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Hello doctor, good morning. I am Manisha f/ 46 years old. I noticed white malai sort of discharge in my mouth at roots of teeth near gums. What is the reason and the treatment for same? This happens off and on.
I am 19 yrs old. But my teethare decaying. My back teeth are getting black. I brush my teeth daily. But still I have this problem. Suggest me a solution.
I have speaking trouble. Specosly the letter R. impossible for others to under stand what im saying. A dentist had cut my flush under the tongue.
Hi. I am Akshay Kumar.(m) 22. I am suffering with my tooth are becoming yellow and from Root's of my teeth are forming like rust. Which is the best toothpaste to cure my problem?
I am chewing pan masala from last 5 years. From last 2-3 days there is heavy pain in my teeth .this is first time happen with me. Any suggestion why suddenly pain in my teeth. Any medicine please suggest.
I am suffering from sleeplessness and aggression in morning time. Fast angry mood. Some time it is out of control. If I drink whisky than I feel good for some time. But I don't drink whisky regularly, Because I feel my mouth and nose dry after drinking whisky. I am very upset due to this. What to do.
One warning that most children would have heard from their parent or other elders is, 'don’t eat chocolates, your teeth will get decayed'. And, most children grow up believing this to be true. As this is a global statement thus, more and more research has been done to clarify this. (Learn more to maintain Oral Health in Children)
Let us understand in brief the basic process of tooth decay. The tooth is made of mineralized layer called the enamel that is covered constantly with saliva. There are thousands of bacteria in the mouth. Food substances gradually deposit on the teeth and form plaque (learn more about plaque problem). This combination of a moist environment and bacteria on a mineralized structure produces the ideal environment for bacteria to act and produce acids which break down the minerals in the enamel. This is the first step in the origin of decay. The acid produced attracts more bacteria which further leads to worsening of the decay.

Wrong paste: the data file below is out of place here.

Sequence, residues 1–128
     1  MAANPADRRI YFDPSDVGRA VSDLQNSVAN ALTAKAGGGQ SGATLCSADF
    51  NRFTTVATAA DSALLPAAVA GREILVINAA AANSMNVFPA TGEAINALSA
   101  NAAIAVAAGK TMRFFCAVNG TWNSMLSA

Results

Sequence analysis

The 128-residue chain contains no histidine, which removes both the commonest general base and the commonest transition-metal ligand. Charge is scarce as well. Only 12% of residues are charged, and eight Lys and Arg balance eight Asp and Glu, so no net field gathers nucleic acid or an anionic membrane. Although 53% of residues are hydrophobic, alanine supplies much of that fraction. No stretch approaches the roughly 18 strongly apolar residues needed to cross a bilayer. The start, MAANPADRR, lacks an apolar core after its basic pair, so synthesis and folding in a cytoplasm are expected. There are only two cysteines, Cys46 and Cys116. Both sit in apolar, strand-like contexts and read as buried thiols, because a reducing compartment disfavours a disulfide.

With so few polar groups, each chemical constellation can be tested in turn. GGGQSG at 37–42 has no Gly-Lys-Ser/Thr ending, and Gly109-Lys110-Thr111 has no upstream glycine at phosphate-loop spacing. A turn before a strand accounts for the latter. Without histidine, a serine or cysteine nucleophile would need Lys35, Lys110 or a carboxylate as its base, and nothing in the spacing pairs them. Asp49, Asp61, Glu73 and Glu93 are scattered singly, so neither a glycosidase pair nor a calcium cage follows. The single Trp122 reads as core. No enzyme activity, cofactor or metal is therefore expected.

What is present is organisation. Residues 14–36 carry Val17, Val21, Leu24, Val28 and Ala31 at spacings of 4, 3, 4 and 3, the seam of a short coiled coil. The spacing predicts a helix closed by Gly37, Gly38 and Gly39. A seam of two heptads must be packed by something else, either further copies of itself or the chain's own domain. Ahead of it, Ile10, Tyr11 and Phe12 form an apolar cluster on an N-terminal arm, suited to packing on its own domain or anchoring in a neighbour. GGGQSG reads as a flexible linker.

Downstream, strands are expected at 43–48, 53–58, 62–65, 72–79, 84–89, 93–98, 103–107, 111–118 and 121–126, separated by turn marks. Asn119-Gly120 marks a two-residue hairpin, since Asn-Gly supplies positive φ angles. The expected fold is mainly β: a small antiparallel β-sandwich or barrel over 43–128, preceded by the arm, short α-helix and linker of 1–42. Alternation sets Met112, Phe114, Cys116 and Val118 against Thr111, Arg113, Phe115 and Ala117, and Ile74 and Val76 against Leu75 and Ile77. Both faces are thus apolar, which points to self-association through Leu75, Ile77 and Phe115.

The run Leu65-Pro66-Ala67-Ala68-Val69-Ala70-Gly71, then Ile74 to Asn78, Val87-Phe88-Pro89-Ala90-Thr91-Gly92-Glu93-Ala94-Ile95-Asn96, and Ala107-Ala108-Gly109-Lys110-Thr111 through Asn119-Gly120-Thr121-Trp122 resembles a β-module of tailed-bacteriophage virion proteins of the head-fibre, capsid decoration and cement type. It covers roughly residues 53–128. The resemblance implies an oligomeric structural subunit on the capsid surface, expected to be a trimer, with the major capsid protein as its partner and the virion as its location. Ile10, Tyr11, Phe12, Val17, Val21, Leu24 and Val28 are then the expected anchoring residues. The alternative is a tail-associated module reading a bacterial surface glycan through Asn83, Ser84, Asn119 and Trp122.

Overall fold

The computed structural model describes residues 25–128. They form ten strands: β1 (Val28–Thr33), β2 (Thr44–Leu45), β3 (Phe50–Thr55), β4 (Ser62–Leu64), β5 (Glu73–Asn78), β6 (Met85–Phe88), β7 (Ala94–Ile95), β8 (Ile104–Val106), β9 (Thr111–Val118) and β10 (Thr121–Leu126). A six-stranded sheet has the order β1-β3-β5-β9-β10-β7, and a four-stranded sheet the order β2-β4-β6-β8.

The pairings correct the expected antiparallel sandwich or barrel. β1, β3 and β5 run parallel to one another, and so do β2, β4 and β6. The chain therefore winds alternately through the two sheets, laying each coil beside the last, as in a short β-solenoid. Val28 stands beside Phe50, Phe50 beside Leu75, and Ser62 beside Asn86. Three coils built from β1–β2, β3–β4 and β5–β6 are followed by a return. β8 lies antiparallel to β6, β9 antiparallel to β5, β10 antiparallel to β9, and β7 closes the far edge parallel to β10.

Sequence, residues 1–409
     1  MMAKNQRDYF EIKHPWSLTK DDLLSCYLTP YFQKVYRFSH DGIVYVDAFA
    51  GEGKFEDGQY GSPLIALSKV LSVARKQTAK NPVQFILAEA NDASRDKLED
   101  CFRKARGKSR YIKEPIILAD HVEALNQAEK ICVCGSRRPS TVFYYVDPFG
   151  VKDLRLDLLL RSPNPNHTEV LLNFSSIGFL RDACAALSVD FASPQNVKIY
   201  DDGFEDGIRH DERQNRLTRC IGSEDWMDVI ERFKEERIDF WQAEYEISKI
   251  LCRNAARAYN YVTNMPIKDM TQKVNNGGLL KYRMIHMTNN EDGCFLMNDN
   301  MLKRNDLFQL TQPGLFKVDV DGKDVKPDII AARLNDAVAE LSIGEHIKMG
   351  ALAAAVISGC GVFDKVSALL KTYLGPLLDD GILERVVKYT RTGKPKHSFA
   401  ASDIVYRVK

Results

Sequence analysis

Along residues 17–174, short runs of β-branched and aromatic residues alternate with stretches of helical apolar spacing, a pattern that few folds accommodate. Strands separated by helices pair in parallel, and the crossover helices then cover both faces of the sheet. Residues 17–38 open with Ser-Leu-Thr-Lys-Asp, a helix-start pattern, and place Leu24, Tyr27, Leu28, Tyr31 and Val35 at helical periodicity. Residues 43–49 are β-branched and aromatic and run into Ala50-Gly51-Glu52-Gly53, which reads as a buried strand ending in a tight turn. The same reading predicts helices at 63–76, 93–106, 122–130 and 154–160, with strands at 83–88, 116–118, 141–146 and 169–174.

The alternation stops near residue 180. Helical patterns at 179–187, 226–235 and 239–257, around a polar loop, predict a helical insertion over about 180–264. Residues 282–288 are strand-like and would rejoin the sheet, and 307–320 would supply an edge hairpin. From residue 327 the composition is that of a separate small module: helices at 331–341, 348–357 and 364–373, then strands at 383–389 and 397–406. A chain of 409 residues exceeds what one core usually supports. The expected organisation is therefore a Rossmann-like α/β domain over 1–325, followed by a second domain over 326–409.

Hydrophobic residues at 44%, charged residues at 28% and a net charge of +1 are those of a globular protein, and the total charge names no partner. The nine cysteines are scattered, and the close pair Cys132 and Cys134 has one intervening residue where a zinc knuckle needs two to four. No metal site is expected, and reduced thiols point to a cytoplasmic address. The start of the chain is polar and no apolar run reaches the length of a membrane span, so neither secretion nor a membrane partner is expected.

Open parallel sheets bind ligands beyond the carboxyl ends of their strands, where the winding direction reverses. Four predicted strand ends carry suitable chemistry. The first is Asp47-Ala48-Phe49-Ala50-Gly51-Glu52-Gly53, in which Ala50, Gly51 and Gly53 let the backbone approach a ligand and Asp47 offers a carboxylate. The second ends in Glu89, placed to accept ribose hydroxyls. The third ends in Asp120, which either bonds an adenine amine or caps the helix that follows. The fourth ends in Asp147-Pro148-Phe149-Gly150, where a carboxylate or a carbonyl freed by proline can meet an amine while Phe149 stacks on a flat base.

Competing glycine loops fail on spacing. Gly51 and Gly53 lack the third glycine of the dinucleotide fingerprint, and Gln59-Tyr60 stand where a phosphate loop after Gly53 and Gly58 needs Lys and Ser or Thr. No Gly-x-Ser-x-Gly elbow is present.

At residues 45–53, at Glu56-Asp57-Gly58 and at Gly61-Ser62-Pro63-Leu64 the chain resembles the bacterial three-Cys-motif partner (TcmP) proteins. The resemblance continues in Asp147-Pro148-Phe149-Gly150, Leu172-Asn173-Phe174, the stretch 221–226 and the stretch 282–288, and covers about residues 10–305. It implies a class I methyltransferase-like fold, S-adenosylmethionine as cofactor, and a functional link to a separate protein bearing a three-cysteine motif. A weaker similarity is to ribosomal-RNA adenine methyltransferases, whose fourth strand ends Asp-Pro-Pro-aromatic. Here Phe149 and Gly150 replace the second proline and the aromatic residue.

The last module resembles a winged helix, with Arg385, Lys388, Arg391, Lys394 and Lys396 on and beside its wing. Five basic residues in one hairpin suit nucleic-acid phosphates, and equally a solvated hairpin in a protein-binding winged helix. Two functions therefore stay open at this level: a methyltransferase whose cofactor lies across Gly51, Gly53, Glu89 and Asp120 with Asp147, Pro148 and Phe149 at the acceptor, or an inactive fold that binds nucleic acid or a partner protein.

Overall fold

Some of the facts correlating chocolates and tooth decay are as follows:
- Chocolates in particular do not cause tooth decay. Very often, children tend to eat chocolates in between their meals and do not rinse or brush. This leads to greater level of plaque formation, thereby, starting off the process of decay. Not just chocolates any sticky foods can lead to tooth decay. What needs to be enforced is a habit to brush or at the least rinse thoroughly after eating a chocolate bar. In fact, this could be used as a reward, and it can help food deposits formed from other foods also to be washed away. The child gets to eat a chocolate, and good oral hygiene is reinforced too!
- Eating a chocolate before the actual meal is a way to indulge. What happens is that there is no sticky residue on the teeth if eaten this way. The child gets to enjoy chocolate at the same time keeping the teeth away from decay.
- Another habit is to make sure that the child eats all of chocolate at one shot than to keep nibbling at it for hours. That way, the chocolate can be managed with one round of brushing or rinsing
- it is advisable to give the child their share of chocolate at night, as most kids brush teeth before going to bed.
- Dark chocolates contain a good amount of antioxidants and are believed to reduce the incidence of plaque formation and therefore, they counter the effect of acids produced by the bacteria.
So, the next time someone talks about chocolates causing all the tooth decay, tell them it is not that bad, you can have your chocolate and eat it too!!